Determination of the Molecular Formula by Mass Spectrometry

Determination of the Molecular Formula by Mass Spectrometry

– we can Determine the Molecular Formula by Mass Spectrometry and we will discuss :

(A) High-Resolution Mass Spectrometry

(B) Use of Heavier Isotope Peaks

(A) High-Resolution Mass Spectrometry

– Although mass spectra usually show the particle masses rounded to the nearest whole number, the masses are not integral.

– The 12C nucleus is defined to have a mass of exactly 12 atomic mass units (amu), and all other nuclei have masses based on this standard.

– For example, a proton has a mass of about 1, but not exactly: Its mass is 1.007825 amu.

– The following table shows the atomic masses of the most common isotopes found in organic compounds.

Determination of the Molecular Formula by Mass Spectrometry

– Determination of a molecular formula is possible using a high-resolution mass spectrometer (HRMS), one that uses extra stages of electrostatic or magnetic focusing to form a very precise beam and to detect particle masses to an accuracy of about 1 part in 20,000.

– A mass determined by several significant figures using an HRMS is called an exact mass.

– Although it is not really exact, it is much more accurate than the usual integral mass numbers.

– Comparing the exact mass with masses calculated by molecular formula makes it possible to identify the correct formula.

– Consider a molecular ion with a mass of 44.

– This approximate molecular weight might correspond to C3H8 (propane), C2H4O (acetaldehyde), CO2, or CN2H4. Each of these molecular formulas corresponds to a different exact mass:

Determination of the Molecular Formula by Mass Spectrometry

– If the HRMS measured the exact mass of this ion as 44.029 mass units, we would conclude that the compound has a molecular formula of C2H4O because the mass corresponding to this formula is closest to the observed value.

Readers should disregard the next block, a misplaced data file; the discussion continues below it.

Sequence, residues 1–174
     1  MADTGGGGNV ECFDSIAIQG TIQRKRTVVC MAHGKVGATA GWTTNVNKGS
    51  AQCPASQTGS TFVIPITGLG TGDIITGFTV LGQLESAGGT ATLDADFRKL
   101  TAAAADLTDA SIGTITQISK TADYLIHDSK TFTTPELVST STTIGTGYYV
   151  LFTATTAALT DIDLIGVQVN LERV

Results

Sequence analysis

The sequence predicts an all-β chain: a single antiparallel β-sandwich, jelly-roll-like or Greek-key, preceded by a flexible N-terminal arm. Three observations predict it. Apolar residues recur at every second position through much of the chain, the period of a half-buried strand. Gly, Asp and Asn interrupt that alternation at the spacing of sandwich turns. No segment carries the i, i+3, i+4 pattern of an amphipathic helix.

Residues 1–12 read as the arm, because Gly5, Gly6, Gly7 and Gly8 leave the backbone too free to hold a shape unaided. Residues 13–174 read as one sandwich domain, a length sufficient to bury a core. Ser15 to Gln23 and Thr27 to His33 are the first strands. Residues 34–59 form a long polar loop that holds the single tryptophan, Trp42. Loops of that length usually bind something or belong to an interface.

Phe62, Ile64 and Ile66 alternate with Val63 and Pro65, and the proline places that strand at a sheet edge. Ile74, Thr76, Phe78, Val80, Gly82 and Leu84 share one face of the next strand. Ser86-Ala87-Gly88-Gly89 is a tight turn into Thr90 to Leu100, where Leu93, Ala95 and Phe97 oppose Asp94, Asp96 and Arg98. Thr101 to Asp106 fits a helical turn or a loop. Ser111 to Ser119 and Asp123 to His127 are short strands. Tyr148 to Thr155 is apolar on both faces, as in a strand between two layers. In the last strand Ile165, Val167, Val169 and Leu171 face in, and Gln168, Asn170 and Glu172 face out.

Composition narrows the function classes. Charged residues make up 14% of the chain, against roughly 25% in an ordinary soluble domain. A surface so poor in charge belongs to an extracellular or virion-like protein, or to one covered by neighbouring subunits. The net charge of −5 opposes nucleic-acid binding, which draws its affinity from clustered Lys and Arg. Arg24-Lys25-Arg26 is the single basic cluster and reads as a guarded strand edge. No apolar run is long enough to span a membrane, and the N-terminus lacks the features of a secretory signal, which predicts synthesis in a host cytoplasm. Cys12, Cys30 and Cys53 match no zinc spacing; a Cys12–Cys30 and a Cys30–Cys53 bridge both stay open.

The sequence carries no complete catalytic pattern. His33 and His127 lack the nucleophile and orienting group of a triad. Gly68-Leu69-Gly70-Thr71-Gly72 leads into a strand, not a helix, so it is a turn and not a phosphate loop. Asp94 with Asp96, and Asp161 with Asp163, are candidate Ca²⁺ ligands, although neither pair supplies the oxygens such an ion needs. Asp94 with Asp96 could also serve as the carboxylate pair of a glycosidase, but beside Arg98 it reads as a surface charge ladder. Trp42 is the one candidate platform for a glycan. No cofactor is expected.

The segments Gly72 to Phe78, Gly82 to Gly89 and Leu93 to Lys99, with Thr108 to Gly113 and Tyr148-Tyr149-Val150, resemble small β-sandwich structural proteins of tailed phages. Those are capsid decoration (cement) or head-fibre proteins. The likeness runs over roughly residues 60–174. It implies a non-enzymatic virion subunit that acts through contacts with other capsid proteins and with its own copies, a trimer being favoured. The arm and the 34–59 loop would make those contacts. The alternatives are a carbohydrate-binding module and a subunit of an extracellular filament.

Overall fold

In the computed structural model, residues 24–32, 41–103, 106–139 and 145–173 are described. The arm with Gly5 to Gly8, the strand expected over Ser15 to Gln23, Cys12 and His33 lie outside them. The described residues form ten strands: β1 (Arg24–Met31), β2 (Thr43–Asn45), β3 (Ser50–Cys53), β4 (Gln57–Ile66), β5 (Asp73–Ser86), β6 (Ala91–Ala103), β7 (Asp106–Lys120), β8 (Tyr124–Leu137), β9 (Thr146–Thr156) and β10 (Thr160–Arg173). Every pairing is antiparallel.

– Published tables of exact masses are available for comparison with values obtained from the HRMS.

– Depending on the completeness of the tables, they may include sulfur, halogens, or other elements.

(B) Use of Heavier Isotope Peaks

– Whether or not a high-resolution mass spectrometer is available, molecular ion peaks often provide information about the molecular formula.

– Most elements do not consist of a single isotope but contain heavier isotopes in varying amounts.

– These heavier isotopes give rise to small peaks at higher mass numbers than the major M+ molecular ion peak.

– A peak that is one mass unit heavier than the M+ peak is called the M+1 peak; two units heavier, the M+2, and so on.

– The following Table gives the isotopic compositions of some common elements, showing how they contribute to M+1 and M+2 peaks.

Determination of the Molecular Formula by Mass Spectrometry

– Ideally, we could use the isotopic compositions in the Table above to determine the entire molecular formula of a compound, by carefully measuring the abundances of the M+, M+1, and M+2 peaks.

– In practice, however, there are background peaks at every mass number.

– These background peaks are often similar in intensity to the M+1 peak, preventing an accurate measurement of the M+1 peak.

– High-resolution mass spectrometry is much more reliable.

Molecular ion peaks of Some elements

– Some elements (particularly S, Cl, Br, I, and N) are recognizable from molecular ion peaks, however, as the spectra shown next illustrate.

– A typical compound with no sulfur, chlorine, or bromine has a small M+1 peak and an even smaller (or no visible) M+2 peak.

– If a compound contains sulfur, the M+2 peak is larger than the M+1 peak: about 4% of the M+ peak.

– If chlorine is present, the M+2 peak (containing 37Cl) is about a third as large as the M+ peak (containing 35Cl).

– And If bromine is present, the M+ and M+2,  ions have about equal abundances; the molecular ion appears as a doublet separated by two mass units, with one mass corresponding to 79Br and one to 81 Br.

– Iodine is recognized by the presence of the iodonium ion, I+ at m/z 127.

– This clue is combined with a characteristic 127-unit gap in the spectrum corresponding to the loss of the iodine radical.

– Nitrogen (or an odd number of nitrogen atoms) gives an odd molecular weight and usually gives some major even-numbered fragments.

– Stable compounds containing only carbon, hydrogen, and oxygen have even molecular weights, and most of their major fragments are odd-numbered.

– The following spectra show compounds containing sulfur, chlorine, and bromine.

Determination of the Molecular Formula by Mass Spectrometry

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